MOTIONS TO FILE A BELATED BRIEF, FOR SCIENTIFIC DNA TESTING,
TO FILE A NON-CONFORMING BRIEF, FOR DEFAULT JUDGMENT, AND
MOTION TO FILE TENDERED AMENDED DIRECT APPEAL [WASHINGTON
COUNTY CIRCUIT COURT, NO. 72CR-99-1853]
R. BAKER, ASSOCIATE JUSTICE.
Howard Lee Leach appeals from the dismissal of his pro se
pleading titled "Amended Direct Appeal" wherein he
requested scientific testing pursuant to Arkansas Code
Annotated section 16-112-201 (Repl. 2016), which Leach filed
in the court where he was convicted. Leach contended in his
request for testing that he is innocent of the crime of
first-degree sexual assault to which he had pleaded guilty in
2000 and asked the trial court to provide DNA testing to
support his innocence claim. Leach further contended that DNA
testing was not performed at the time of his guilty plea
because his attorney had advised that such testing would not
be performed at the State's expense. Finally, Leach
attached to his request for scientific testing pleadings
titled "Statement to the Court" and "Grounds
to Correct an Illegal Sentence," which raised the same
claims that he had raised in his prior habeas proceeding and
in his petition to correct an illegal sentence. See
Leach, 2017 Ark. 176, 518 S.W.3d 670. Accordingly, the
trial court dismissed with prejudice Leach's request for
relief on the basis that Leach had raised the same claims in
his previous petitions and was not entitled to relief.
pending before this court are pro se motions filed by Leach
to file a belated brief, for scientific DNA testing, to file
a nonconforming brief, for a default judgment, and to file a
tendered amended direct appeal brief. We need not consider
Leach's motions because his request for scientific
testing pursuant to Act 1780, codified at Arkansas Code
Annotated sections 16-112-201 to -208, is without merit. An
appeal of the denial of postconviction relief will not be
permitted to go forward when it is clear that the appellant
could not prevail. Hill v. Kelley, 2018 Ark. 118,
542 S.W.3d 852.
stated above, in 2000, Leach entered a plea of guilty in the
Washington County Circuit Court to one count of first-degree
sexual abuse and for violating the terms of his suspended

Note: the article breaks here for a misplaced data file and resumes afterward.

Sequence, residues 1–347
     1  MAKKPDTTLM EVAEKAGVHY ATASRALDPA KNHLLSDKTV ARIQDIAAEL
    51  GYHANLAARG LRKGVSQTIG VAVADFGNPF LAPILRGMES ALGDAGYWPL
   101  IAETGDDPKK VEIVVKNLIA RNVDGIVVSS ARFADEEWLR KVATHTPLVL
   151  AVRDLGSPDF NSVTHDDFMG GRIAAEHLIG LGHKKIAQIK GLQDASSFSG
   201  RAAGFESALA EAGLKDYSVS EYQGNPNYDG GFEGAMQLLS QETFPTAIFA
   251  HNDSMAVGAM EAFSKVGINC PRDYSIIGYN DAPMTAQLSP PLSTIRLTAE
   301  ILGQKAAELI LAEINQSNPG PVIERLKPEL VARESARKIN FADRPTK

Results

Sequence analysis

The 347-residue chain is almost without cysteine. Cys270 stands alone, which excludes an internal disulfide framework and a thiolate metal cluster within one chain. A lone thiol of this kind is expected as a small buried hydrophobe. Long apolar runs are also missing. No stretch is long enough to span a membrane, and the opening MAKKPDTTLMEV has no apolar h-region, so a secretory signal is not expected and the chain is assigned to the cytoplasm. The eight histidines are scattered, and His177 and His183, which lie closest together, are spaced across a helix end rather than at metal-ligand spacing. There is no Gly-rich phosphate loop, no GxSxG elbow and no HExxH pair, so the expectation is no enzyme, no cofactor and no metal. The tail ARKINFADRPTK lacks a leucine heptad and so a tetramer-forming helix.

sentences for seven counts of first-degree forgery.
Consecutive sentences of sixty months' imprisonment were
imposed for each of the seven forgery offenses, and a
concurrent sixty-month suspended sentence was imposed for the
offense of first-degree sexual abuse.
not reverse a denial of postconviction relief unless the
trial court's findings are clearly erroneous.
McClinton v. State, 2017 Ark. 360, 533 S.W.3d 578. A
finding is clearly erroneous when, although there is evidence
to support it, the appellate court after reviewing the entire
evidence is left with the definite and firm conviction that a
mistake has been committed. Id.
petitioner seeking testing under Act 1780 must present a
prima facie case that identity was an issue at trial. Ark.
Code Ann. § 16-112-202(7). When a defendant enters a
plea of guilty, the guilty plea is the trial. Cox v.
State, 299 Ark. 312, 772 S.W.2d 336 (1989). By entering
his plea of guilty, appellant admitted that he committed the
offense, and therefore, identity was not in question. See
McClinton, 2017 Ark. 360, 533 S.W.3d 578. Furthermore,
Leach must demonstrate that the evidence to be tested is in
possession of the State. Ark. Code Ann. § 16-112-202(4).
Accordingly, Leach fails to make a prima facie showing that
he is entitled to new scientific testing because he has not
demonstrated that identity was at issue or that there is any
evidence in possession of the State capable of being tested.
Ark. Code Ann. §§ 16-112-202(7) &
respect to the additional allegations raised in Leach's
"Statement to the Court" and his "Grounds to
Correct Illegal Sentence," these pleadings reassert the
following claims that were raised and rejected in his
previous requests for postconviction relief: that there was
insufficient evidence supporting the charges of sexual abuse
to which he had pleaded guilty; that counsel was ineffective;
and that the trial court violated the prohibition against
double jeopardy when it revoked Leach's suspended
sentences on the seven counts of forgery. Leach,
2017 Ark. 176, 518 S.W.3d 670. Furthermore, such claims are
not cognizable in an action for scientific testing under Act
1780. McClinton, 2017 Ark. 360, 533 S.W.3d 578
(petitions under Act 1780 are limited to those claims related
to scientific testing of evidence, and the Act does not serve
as a substitute for the pursuit of other remedies that are
outside the purview of the Act.). The trial court did not
clearly err when it rejected Leach's claim for scientific
testing as well as his other claims for postconviction
dismissed; motions moot.
Josephine Linker Hart, Justice, dissenting.
March 2, 2000, Mr. Leach pleaded guilty to first-degree
sexual assault and seven counts of forgery. On July 16, 2018,
he filed a pleading styled "Amended Direct Appeal"
in which he alleged multiple grounds for overturning his
conviction. Two days later, on July 18, 2018, the circuit
court of Washington dismissed his petition. Mr. Leach timely
filed a notice of appeal.
October 17, 2018, Mr. Leach filed a simple hand-written
motion styled "Motion to File a Belated Brief." In
it, he stated, "I have now gone past my court deadline
date requirements of this court. I now beg this court to
please file a "Belated Brief" that bears my
not[a]rized signature." If a brief was tendered, it does
not appear in the record. Significantly, his motion for a
belated brief did not allege any "good cause"
grounds for granting him additional time. Accordingly, Mr.
Leach has not perfected his appeal, and there are adequate
legal grounds for dismissing his appeal on jurisdictional
grounds nearly a year ago.
October 17, Mr. Leach filed a motion styled "Motion for
Scientific DNA ...